We're approaching the edge of yet-another technological canyon of a type that's been encountered before in computing history. The very earliest computers were hard-wired (by hand) to perform only a specific function, such as the bombes used at Bletchley Park to assist in analyzing, discovering and exploiting vulnerabilities in, and bulk-decrypting Morse code military and diplomatic messages that were encrypted using a variety of techniques and technologies. These ranged from truly-random one-time pads (that can still be impossible to break using the most capable high-performance computing systems on the planet) to moving-rotor machines such as the German Enigma, that the special-purpose bombes and Colossus system were developed to counter using machine-assisted, but, still somewhat manual processing. Special-purpose computers were also built to assist in calculating ballistics tables for military artillery and naval gunfire systems, and other domains.
After WW-II ended, computing efforts were expanded to more general scientific and business domains, since hand-built circuits cost millions of dollars in today's money for what was much less powerful than what's in any consumer device today. They required large teams of maintenance and operations technicians to keep them running, adding to their overall cost. The name of the game was to cram as much processing power into a system as possible and run data through it every moment of the day and night, year-round, in non-interactive batch mode. There were still special-purpose systems developed and operated, but, they were far outnumbered by the general-purpose systems because that's how the relative needs were distributed. By the 1960s, when the number of general-purpose computer manufacturers in the U.S. alone dropped from over 250 to less than 10, most computing development efforts were focused on doing as much as possible on centralized systems made ever more capable.
Minicomputers were developed to reduce the total cost of particular systems, even though their performance/cost ratios were well below those of the larger mainframes. The key was that, instead of only being able to lease part of a mainframe including the required staff hours, an organization could outright own, program, and operate a system to do whatever it wanted on their own budget and schedule. This was particularly attractive to scientific and engineering groups that already had technically-sophisticated people on their payrolls capable of performing computing system maintenance, programming, and operation.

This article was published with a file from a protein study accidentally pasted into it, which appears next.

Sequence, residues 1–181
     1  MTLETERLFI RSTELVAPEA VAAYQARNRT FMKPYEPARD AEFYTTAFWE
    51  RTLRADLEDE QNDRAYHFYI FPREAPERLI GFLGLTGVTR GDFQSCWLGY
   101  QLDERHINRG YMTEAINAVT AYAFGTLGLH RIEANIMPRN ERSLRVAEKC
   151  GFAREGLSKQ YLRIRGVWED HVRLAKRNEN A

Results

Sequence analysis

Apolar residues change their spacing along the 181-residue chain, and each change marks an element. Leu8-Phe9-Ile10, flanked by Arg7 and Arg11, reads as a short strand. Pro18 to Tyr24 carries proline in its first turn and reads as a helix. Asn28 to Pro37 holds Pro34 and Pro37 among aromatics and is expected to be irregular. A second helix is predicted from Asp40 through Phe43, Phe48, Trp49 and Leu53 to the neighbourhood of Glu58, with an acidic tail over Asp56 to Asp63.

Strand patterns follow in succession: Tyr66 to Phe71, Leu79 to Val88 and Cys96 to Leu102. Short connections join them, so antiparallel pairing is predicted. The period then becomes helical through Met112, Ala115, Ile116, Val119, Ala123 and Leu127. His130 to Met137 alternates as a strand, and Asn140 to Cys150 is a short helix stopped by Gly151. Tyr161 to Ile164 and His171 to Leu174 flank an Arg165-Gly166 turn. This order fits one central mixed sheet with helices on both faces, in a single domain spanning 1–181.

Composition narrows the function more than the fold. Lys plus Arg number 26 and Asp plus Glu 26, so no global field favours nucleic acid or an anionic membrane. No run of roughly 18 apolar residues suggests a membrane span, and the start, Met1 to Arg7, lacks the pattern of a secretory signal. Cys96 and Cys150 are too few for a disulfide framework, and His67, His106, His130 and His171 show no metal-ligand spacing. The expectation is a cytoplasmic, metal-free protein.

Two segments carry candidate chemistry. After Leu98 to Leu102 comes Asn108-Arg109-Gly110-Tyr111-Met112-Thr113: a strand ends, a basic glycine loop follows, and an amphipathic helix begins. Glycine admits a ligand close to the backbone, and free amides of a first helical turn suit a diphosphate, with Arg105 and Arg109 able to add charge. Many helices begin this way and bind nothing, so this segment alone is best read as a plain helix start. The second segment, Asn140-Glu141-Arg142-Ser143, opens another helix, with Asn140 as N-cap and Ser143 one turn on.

When microcomputers first appeared, their performance/cost ratios were even worse than those for minicomputers (which were improving), but, again, the customer, now an individual, could afford the total cost of a system. Their demands weren't that great, anyway, with lightweight office productivity, games, hobby applications, etc., being their major usage domains.
Inevitably, as semiconductor and storage technology advanced in density and speed, the lines between the various computing strata began to blur, and capabilities increased while costs decreased exponentially across the board. Eventually, low-end mainframes, minicomputers, and high-end microprocessor-based servers morphed to occupy the same market, and high-end mainframes migrated up toward the high-performance computing domains (aka supercomputers). Desktop personal computers continued to improve in performance/cost to the point where they have largely been eclipsed by laptop systems for routine uses, and mobile devices are beginning to move up into low-end laptop and even desktop markets.
The problem for the manufacturers of higher-end microprocessors, such as Intel, is that they've developed products that exceed the performance needs of most individuals and even many smaller businesses. Many of the techniques that have been developed for high-end computing products can also be applied to most of the products in all other markets (e.g., steadily-improving circuit density that leads to GBs of RAM and flash memory even in the lowest-end mobile devices), including ARM.
One of the differences between the marketing of desktop/laptop systems and mobile products is that the mobile variety tends to be paid for as part of a services package, e.g., phone and data. A typical smartphone doesn't cost $199, its real price is around $2,600 when the average $100 per month, 24-month service contract is properly included, and many people continue to pay beyond the 24-month period which increases price and profits that much more. Of course, the cost of providing services is mixed in, but, since unlocked mobile devices are typically priced at $800, or more, we can assume that's somewhere above their actual cost.
So, the price differential between commercial product categories isn't as large as it might seem. The Pi is not representative of typical commercial systems because much of the cost that would need to be paid for in commercial systems has been eliminated by near-cost component prices (which are also a version behind current state-of-the-art in commercial products), volunteer engineering and marketing labor, and minimal packaging costs, with assistance from the very medium you're using to read this - the Internet. Additionally, relying on open-source software and further volunteer efforts to adapt what can't just be recompiled saves a huge amount of money.
You generally get what you pay for - the trick is to only pay as little as possible for what you get.
The best things in life aren't things ... but, a Pi comes pretty darned close!
"Education is not the filling of a pail, but the lighting of a fire." -- W.B. Yeats
In theory, theory & practice are the same - in practice, they aren't!!!